of Bedouin villages
“We should transform the Bedouin into an urban proletariat … The Bedouin would not live on his land with his herds, but would become an urban person... This would be a revolution, but it may be fixed within two generations ... This phenomenon of the Bedouin will disappear."
General Moshe Dayan, 1963
they cannot afford to rebuild them
The Map is the title of a Human Rights Watch report on violations of land
ownership and housing rights of Bedouin living in “unrecognised”
Though the Bedouin living in the unrecognised villages are Israelis and pay taxes like other Israelis, they are not provided with mains water, mains electricity, sewerage disposal or garbage collection. They are not allowed asphalt roads. The villages are omitted from Israeli maps, or plans for new Israeli Jews-only villages are drawn over their positions.
Bedouin in the
are in a daily battle to save our homes,” said Al-Grein’s representative
on the Bedouin regional council. For the past two years the village has
campaigned against the Israeli government’s intention to destroy it and
the traditional Bedouin way of life. He welcomed our visit as he believes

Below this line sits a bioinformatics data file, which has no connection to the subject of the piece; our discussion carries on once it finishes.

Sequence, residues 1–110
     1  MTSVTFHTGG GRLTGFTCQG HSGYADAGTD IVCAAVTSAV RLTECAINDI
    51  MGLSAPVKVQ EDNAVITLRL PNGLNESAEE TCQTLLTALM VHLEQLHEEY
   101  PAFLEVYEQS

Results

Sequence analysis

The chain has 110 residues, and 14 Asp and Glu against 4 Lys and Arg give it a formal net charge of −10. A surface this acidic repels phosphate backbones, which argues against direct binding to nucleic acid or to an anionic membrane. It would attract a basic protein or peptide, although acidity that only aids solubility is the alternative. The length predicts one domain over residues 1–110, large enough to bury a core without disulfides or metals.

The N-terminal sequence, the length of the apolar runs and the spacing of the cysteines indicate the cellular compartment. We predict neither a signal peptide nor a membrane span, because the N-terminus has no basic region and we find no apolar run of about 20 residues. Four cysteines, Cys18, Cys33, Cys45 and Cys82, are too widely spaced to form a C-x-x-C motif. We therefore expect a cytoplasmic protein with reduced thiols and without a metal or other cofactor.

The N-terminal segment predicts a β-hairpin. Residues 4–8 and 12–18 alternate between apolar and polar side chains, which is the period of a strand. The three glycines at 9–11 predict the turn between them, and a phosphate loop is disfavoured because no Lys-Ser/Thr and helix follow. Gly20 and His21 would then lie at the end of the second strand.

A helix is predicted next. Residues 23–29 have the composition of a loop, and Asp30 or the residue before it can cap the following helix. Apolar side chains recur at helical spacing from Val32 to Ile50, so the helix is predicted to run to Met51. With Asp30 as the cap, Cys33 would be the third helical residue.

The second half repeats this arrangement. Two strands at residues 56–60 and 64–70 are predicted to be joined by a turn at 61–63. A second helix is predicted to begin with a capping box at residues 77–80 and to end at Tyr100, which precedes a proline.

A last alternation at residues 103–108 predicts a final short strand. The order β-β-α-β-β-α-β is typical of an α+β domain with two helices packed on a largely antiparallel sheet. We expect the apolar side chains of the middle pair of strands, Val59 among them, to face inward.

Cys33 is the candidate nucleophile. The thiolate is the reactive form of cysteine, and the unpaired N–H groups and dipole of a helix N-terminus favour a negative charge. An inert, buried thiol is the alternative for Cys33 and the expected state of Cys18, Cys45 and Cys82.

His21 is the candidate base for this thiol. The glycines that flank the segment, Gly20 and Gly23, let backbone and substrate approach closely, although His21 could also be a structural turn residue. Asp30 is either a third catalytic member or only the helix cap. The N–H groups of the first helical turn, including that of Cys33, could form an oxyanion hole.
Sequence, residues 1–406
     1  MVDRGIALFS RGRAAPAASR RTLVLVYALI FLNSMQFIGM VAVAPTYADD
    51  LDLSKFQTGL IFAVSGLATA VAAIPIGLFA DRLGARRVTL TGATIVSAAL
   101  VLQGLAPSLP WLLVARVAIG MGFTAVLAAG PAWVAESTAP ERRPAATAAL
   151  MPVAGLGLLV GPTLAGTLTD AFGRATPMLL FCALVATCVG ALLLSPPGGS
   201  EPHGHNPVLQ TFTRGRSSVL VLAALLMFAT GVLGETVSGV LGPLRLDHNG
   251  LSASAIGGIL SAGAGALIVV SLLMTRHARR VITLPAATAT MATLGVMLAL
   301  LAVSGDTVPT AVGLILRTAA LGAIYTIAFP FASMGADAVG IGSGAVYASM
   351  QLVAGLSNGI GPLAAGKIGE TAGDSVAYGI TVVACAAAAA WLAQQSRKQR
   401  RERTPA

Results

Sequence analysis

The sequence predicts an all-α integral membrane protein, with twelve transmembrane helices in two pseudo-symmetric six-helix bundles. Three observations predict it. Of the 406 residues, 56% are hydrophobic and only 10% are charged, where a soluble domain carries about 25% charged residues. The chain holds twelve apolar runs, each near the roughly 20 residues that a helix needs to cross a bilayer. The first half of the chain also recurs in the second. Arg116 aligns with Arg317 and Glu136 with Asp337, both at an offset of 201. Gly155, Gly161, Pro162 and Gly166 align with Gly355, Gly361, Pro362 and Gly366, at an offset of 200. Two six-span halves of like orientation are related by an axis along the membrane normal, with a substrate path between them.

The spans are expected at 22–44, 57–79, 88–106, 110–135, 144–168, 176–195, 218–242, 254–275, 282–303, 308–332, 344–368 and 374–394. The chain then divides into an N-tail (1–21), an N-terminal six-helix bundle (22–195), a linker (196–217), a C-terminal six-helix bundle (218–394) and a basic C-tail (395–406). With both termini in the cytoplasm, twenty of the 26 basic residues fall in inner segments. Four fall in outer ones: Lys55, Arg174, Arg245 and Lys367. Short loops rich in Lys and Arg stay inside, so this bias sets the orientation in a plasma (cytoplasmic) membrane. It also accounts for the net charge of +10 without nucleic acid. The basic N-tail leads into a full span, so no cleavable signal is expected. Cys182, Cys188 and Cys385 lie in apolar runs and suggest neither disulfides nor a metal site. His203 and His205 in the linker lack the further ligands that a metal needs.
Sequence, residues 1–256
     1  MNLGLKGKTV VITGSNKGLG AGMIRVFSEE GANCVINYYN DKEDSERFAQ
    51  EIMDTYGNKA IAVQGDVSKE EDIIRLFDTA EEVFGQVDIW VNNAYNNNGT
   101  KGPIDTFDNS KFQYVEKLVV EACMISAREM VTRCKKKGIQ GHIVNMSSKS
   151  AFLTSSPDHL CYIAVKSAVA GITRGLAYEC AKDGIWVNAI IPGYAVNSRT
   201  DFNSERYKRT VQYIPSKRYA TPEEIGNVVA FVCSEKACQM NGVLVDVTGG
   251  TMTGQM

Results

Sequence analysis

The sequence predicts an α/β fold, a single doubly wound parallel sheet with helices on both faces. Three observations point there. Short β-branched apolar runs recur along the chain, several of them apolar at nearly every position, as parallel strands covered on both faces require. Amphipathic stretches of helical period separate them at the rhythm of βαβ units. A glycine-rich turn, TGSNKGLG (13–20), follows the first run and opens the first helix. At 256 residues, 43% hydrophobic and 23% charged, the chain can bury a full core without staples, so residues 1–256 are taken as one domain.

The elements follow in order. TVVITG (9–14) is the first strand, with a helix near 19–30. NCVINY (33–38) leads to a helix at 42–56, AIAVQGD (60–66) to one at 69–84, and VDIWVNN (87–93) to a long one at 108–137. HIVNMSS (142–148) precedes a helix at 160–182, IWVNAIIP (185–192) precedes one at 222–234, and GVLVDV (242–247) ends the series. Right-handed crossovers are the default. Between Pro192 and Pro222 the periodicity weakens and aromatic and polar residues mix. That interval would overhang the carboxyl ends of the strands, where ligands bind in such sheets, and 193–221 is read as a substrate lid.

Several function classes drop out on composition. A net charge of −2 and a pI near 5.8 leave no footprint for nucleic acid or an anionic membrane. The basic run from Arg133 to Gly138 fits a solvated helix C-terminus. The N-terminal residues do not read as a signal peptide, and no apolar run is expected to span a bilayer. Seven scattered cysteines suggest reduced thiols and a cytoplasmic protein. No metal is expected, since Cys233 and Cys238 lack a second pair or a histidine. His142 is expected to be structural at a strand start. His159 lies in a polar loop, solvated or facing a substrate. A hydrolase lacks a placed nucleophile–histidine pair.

that raising public awareness increases the likelihood of the campaign
succeeding. “We have to live together. The state is pushing away my
children. The state will regret the hate it is causing, the rebels it is
creating. My children will fight for justice more than I am doing.”
with sand and dirt everywhere? The Bedouin hate squalor because they value cleanliness and hygiene. If the demolition has not ruined the family financially, they are unlikely to try to rebuild a house because the wreckers are likely to return. Despite this threat, necessity drives people to rebuild some form of dwelling. In recent years, one village has been demolished 15 times.
1947 the Bedouin lived in an integrated society, looking after their animals
and cultivating communally. The women wove and made tents together. There is
a Bedouin museum in the Israeli Kibutz Lahav, but tourists are not taken to
see the Bedouin living in nearby villages where they are denied the means to
dispose of sewerage and garbage.
pastoralists, making a living from their flocks of sheep and goats, do not
present, the government-appointed Goldberg Commission, set up to investigate
and “solve the problem of the Bedouin in the
Once again, the commission may work to remove them from their current homes in rural communities into the “recognised townships.” In these, the infrastructure and possibility of employment are minimal – Bedouin themselves have referred to the recognised townships as “living graves.” They wish to be free to choose to pursue a traditional, rural, pastoralist lifestyle if they want, guaranteed by the establishment of state-recognised rural communities. If the Goldberg Commission proposes such a step, it will be the first ever such recommendation in the history of the State of Israel.